Skip to main content

Energy, Transport & Infrastructure Outlook for 2024

ETI Outlook concept
By SEC Newgate team
21 December 2023
Energy, Transport & Infrastructure
Energy networks
Community & Stakeholder Engagement
Planning Communications and Consultation

Douglas Johnson: “2024 is likely to be another year in which the political picture nationally poses challenges for energy, transport and infrastructure. Over the last year, the government has repeatedly shied away from taking risks to deliver the infrastructure required for net zero – visible in the growing number of Nationally Significant Infrastructure Projects where the Secretary of State has extended the deadline for them to determine applications for development consent.

"This tendency will become more pronounced in the run-up to the General Election, as candidates begin to campaign on the perceived impacts of infrastructure. The disconnect between the country’s infrastructure needs and the views of some voters is already proving fertile campaigning territory - from Susan Hall’s attempts to make the ULEZ a central issue in the upcoming London Mayoral election to Conservative MPs in the East Midlands campaigning against large-scale solar farms in their constituencies.

"Businesses in the sector should devote significant effort to preparing for potential outcomes of the election: it’s at this point that we may see more movement again.”

Senior Counsel, Greg Rosen predicts that “2024 will reflect a political landscape dominated by elections: at Westminster, for the London Mayoralty, and for investors mindful of risk, a potential Trump presidency. While 2023’s COP28 was less disappointing than many commentators feared, a Trump presidency could substantively undermine what has been achieved, and by challenging the US commitment to an ESG agenda, will have implications for investors globally.

“In the UK, the battle lines on green infrastructure have been drawn. Labour wants to back the builders, not the blockers. Others fear alienating a NIMBY vote they have come to depend upon electorally. But even this cautious government has made some courageous steps to at least consider untangling the NIMBY knots of red tape in which UK infrastructure investment is so entangled, most notably the judicious appointment of green infrastructure champion and former SPAD Sam Richards to advise Communities Secretary Michael Gove to lead “an independent review into our statutory consultees to speed up planning”. And quick reviews like Sam’s may bear fruit even in an election year.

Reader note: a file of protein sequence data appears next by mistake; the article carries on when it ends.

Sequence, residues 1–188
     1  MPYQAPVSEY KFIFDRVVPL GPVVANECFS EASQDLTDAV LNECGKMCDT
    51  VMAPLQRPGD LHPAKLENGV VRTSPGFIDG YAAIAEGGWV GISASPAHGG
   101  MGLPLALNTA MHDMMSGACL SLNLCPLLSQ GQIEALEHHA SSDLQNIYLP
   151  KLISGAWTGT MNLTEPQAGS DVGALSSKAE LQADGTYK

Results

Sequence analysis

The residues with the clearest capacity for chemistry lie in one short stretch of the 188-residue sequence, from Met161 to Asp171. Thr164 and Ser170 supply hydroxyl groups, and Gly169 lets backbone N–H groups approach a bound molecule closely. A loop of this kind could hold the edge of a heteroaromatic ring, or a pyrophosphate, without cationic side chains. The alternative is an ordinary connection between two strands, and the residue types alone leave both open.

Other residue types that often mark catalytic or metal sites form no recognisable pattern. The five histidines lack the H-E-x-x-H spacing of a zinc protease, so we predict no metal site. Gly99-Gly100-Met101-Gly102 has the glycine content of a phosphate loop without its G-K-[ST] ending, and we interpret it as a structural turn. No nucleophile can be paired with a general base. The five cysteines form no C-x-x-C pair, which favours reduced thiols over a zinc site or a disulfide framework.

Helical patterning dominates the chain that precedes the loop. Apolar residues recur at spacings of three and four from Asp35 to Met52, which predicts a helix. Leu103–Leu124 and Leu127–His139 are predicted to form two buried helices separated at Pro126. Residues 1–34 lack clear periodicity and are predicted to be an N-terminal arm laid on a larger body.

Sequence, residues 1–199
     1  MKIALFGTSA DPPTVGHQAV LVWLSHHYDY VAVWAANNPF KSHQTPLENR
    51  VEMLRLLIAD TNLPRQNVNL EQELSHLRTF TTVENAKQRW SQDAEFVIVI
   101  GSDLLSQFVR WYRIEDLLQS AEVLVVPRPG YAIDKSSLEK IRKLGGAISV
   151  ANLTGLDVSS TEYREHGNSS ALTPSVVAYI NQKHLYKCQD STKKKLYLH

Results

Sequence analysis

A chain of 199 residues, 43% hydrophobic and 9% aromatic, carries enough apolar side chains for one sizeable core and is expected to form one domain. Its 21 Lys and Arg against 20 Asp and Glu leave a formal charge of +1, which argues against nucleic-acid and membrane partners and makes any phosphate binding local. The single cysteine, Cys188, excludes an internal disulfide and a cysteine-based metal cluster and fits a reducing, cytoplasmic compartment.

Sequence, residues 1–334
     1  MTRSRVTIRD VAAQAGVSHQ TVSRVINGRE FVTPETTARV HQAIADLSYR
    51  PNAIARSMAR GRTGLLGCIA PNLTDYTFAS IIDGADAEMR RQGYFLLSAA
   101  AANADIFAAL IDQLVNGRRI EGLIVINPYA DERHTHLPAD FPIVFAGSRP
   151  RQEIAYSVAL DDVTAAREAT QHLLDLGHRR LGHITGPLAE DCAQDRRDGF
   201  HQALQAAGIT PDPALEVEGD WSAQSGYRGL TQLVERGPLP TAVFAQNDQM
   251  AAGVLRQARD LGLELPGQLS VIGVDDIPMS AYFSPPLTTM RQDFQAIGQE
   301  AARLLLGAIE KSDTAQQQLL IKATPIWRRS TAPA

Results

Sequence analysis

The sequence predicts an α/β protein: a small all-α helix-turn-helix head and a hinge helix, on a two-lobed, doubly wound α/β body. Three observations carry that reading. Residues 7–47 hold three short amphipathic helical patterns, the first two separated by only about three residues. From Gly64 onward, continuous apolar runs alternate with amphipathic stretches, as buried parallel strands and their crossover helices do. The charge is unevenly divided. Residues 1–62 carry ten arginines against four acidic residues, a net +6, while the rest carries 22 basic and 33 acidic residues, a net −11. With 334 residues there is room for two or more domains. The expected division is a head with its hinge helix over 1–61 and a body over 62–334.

"As politicians get into election fighting mode, the window for policy engagement is closing: those businesses who will do most to shape that agenda will be engaging early and often, with clear policy ideas that align meaningfully with the goals of Britain’s next government. And building better energy, transport and infrastructure is high up that agenda.”

Ian Silvera on Cleantech mobility in 2024"Build, drive and deliver. The next year will be all about action from the clean-tech space. The new macro-economic and global political environment means that investors are laser-focused on profitability and are asking tough questions.

"If you’re not there yet, how will you get in the red? The business isn’t tried and tested, perhaps it’s best you prioritise organic growth for the time being? Are you purely relying on government grants to reach your goals, maybe it’s worth looking at other streams? 

"The industry, which, in parts, has faced a cash-flow crisis, also ends the year with a sour taste in its mouth after the founder of electric truck start-up Nikola Corporation, Trevor Milton, was sentenced to four years in prison after being found guilty of misleading investors. 

"But the good news is that global interest rates are expected to fall next year, with more institutional investors expected to spring from the sidelines and back fundraises and IPOs. Amongst other energy sources, there will be a strong focus on hydrogen and nuclear power, with the quest for small modular reactors continuing, while the transition to electric vehicles will continue to be a story about geopolitics. 

"Will the US election provoke more protectionist policies out of the White House, pressurising and incentivising manufacturers to produce in North America? Equally, will China dominate the industry in the same way Japanese-headquartered automakers won the 1980s? And finally, where will the UK and EU fit into this wider landscape? Rishi Sunak has already pushed back Britain’s net-zero targets, will other nations in the neighbourhood follow?"

Click here to find out more about our ET&I expertise.